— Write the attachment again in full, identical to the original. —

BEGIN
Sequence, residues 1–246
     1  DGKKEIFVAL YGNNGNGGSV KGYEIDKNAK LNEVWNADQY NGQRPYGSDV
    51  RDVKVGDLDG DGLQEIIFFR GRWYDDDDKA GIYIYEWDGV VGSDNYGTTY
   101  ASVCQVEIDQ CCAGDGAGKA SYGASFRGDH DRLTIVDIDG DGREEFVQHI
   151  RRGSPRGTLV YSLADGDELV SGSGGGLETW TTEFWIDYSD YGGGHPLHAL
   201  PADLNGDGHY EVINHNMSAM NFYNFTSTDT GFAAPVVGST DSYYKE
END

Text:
Sequence, residues 1–246
     1  DGKKEIFVAL YGNNGNGGSV KGYEIDKNAK LNEVWNADQY NGQRPYGSDV
    51  RDVKVGDLDG DGLQEIIFFR GRWYDDDDKA GIYIYEWDGV VGSDNYGTTY
   101  ASVCQVEIDQ CCAGDGAGKA SYGASFRGDH DRLTIVDIDG DGREEFVQHI
   151  RRGSPRGTLV YSLADGDELV SGSGGGLETW TTEFWIDYSD YGGGHPLHAL
   201  PADLNGDGHY EVINHNMSAM NFYNFTSTDT GFAAPVVGST DSYYKE